– At the beginning I sang mostly Handel and Mozart. I thank God I grew gradually into heavier roles. It was a natural development of my personality, my voice, my soul. I was developing emotionally as well as technically. I’m happy that this development was gradual. Sometimes directors give a singer all kinds of roles. But you cannot do that, everything must be well thought over. In my opinion, singing more and more difficult and heavy parts makes you psychologically and technically more secure. The process of physiological development is also extremely important. A girl is a girl, and a woman is a woman. On my way I met people who gave me right roles at the right time, I think.

– Your voice is very characteristic and universal. Your repertoire also includes oratorios, lieder, sometimes you even venture upon pop music. A few years ago, for instance, you sang a Moniuszko song in a jazz arrangement. How did it happen that you took up operatic singing?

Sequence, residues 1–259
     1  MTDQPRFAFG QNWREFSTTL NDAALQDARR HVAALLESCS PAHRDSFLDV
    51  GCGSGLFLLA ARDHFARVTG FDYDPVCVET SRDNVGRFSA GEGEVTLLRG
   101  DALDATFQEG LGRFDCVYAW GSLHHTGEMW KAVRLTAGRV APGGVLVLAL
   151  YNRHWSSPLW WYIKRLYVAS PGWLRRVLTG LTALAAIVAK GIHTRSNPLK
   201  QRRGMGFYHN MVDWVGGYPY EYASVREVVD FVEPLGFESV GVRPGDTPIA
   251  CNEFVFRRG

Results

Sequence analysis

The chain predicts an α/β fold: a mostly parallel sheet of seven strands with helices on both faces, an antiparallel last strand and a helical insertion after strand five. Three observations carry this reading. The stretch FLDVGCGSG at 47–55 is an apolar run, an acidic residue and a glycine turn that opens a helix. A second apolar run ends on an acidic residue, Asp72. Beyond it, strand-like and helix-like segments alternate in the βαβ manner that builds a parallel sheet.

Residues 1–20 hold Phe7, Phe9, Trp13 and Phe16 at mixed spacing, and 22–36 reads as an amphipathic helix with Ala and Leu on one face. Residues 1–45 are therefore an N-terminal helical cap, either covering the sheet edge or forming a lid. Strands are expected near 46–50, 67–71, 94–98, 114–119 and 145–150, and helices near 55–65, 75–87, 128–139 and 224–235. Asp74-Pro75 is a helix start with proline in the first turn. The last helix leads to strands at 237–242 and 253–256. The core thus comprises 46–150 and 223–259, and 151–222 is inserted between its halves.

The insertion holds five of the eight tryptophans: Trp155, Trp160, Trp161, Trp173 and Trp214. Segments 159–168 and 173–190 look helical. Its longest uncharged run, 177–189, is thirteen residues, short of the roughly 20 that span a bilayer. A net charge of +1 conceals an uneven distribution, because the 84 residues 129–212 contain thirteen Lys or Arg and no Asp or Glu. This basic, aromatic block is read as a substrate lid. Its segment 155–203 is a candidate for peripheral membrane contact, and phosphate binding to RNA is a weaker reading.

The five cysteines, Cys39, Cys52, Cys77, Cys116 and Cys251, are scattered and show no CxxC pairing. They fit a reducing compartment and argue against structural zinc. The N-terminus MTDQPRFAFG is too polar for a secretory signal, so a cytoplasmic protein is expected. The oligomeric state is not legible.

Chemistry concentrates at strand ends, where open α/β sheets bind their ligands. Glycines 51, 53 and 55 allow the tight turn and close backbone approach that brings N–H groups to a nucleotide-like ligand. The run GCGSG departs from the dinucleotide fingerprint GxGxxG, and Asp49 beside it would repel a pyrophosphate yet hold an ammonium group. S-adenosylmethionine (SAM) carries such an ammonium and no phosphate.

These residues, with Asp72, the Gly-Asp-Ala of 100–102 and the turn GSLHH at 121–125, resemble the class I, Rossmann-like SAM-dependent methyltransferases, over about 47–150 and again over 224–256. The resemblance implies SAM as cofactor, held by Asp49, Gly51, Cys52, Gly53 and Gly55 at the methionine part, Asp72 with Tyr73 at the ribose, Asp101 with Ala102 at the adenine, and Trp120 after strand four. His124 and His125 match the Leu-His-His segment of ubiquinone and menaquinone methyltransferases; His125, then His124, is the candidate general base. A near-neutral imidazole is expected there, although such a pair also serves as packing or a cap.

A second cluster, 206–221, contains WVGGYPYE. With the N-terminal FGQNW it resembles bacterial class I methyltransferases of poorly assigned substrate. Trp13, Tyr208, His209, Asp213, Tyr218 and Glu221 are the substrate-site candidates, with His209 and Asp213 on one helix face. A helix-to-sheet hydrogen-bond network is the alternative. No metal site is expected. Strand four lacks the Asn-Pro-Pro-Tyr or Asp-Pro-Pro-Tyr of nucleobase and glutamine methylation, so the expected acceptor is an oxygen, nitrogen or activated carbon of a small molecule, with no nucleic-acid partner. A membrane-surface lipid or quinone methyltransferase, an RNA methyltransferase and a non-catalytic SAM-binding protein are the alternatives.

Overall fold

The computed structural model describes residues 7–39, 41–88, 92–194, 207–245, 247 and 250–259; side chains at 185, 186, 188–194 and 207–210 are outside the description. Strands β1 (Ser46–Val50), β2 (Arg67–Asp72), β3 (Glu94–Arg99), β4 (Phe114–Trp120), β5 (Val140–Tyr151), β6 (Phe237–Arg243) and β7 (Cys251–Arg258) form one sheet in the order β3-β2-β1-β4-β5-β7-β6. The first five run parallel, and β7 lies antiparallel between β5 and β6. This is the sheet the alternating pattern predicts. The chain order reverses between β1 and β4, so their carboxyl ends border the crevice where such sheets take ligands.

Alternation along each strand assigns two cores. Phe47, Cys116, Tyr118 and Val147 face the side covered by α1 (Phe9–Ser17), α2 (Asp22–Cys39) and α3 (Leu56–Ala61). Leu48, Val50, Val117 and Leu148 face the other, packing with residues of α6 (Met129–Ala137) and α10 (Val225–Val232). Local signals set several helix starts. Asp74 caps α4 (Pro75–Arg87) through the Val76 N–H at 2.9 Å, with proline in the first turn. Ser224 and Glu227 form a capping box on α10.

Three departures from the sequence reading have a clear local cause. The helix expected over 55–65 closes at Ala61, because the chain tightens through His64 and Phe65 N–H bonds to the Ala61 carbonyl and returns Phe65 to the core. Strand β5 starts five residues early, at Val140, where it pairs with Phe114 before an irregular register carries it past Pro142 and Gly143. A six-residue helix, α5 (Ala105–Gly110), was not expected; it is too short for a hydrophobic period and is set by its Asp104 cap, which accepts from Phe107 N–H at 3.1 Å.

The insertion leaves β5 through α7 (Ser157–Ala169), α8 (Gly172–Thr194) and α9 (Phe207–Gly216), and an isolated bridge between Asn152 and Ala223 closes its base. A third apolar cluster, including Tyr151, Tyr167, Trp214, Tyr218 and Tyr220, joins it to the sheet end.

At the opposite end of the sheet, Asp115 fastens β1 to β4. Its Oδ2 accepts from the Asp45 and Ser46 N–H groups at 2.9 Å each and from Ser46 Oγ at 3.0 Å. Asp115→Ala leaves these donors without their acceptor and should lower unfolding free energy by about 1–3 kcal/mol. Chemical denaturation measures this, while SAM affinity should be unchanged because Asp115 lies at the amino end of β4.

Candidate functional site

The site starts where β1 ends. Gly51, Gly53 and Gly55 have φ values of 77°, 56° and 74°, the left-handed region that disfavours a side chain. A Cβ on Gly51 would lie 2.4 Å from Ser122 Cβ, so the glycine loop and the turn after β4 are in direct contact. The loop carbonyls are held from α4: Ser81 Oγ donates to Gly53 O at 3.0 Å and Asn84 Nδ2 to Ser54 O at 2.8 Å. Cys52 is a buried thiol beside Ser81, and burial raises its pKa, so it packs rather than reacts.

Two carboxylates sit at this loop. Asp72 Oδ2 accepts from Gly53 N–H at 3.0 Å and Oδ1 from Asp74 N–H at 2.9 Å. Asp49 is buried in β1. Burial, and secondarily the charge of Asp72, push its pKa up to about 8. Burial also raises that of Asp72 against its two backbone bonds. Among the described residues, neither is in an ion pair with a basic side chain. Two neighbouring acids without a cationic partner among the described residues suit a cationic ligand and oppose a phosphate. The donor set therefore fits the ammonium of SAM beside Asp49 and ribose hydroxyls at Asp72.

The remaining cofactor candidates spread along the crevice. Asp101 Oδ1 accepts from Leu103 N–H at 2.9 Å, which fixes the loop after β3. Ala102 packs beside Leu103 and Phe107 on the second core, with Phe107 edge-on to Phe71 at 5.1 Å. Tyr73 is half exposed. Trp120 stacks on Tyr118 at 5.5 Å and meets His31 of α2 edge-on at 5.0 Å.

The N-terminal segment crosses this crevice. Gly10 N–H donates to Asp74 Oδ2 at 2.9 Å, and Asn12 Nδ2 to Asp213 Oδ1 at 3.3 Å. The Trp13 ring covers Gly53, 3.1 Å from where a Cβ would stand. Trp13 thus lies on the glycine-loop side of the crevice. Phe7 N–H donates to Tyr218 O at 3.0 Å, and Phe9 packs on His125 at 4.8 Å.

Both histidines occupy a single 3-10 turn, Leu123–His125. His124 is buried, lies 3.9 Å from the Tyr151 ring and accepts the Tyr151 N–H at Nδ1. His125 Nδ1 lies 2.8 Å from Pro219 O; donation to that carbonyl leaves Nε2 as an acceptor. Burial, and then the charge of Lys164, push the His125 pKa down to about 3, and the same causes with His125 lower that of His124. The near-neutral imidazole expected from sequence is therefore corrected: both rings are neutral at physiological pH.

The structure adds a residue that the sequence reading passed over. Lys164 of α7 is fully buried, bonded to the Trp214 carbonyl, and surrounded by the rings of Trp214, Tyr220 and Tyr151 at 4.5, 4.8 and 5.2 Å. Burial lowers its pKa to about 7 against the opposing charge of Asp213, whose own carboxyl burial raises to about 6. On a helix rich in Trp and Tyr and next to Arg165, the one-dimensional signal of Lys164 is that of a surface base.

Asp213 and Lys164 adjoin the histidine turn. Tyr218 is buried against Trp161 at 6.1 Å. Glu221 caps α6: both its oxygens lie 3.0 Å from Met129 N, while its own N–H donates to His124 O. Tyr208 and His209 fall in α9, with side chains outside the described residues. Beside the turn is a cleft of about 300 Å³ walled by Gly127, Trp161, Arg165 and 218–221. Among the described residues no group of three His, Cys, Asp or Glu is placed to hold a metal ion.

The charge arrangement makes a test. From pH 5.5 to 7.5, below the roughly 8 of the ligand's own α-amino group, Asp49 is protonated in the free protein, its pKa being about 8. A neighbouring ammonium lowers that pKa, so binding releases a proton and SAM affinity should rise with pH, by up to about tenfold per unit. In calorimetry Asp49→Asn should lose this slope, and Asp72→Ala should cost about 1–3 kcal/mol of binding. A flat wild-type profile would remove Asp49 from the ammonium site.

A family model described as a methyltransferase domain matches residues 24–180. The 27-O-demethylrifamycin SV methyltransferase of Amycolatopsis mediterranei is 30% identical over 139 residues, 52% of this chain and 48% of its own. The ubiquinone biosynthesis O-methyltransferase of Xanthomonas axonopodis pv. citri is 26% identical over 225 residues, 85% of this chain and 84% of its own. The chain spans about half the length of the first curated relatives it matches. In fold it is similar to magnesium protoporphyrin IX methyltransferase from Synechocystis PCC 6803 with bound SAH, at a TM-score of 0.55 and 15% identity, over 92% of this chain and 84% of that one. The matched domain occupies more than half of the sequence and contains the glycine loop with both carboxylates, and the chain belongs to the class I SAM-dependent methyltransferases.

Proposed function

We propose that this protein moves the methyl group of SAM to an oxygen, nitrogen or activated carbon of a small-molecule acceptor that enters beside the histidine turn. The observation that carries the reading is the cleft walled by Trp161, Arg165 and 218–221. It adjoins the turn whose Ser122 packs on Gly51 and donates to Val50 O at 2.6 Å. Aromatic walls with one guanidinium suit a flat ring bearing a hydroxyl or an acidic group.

– Before I came to the Academy of Music I had never learned singing. I always had a voice that projected well. I dreamed about becoming an actress and not a singer. In high school I sang in a big-beat band, I sang a lot of jazz too. I remember that our band played at several school balls during the season, I was happy I had opportunities to sing and, on top of that, I was let off some classes and tests. I remember a certain turning point on my artistic road (I don’t like the word „career”), when I was wondering whether I really wanted to sing this kind of music. I still like listening to jazz, I find it very relaxing. For instance, I can „take off” Anna German with my voice very well. And my music teacher (who also taught at the music high school), a wonderful person, Mrs Danuta Janke, persuaded me to sing Karłowicz song, I remember quiet, bright days during some celebration at school. I said to her, 'But they will boo me.' 'Let them boo, but you must sing it just once.' I remember that when I finished everybody was totally silent. And then those teenagers brought up on pop music started to shout: Bravo! and I was surprised they liked it so much. And Mrs Janke spent a lot of time trying to persuade me. Iza, she said, jazz is jazz but you are born to sing opera. Try it. You have go for the entrance exams to the Academy of Music. She gave me private lessons without taking a penny from me.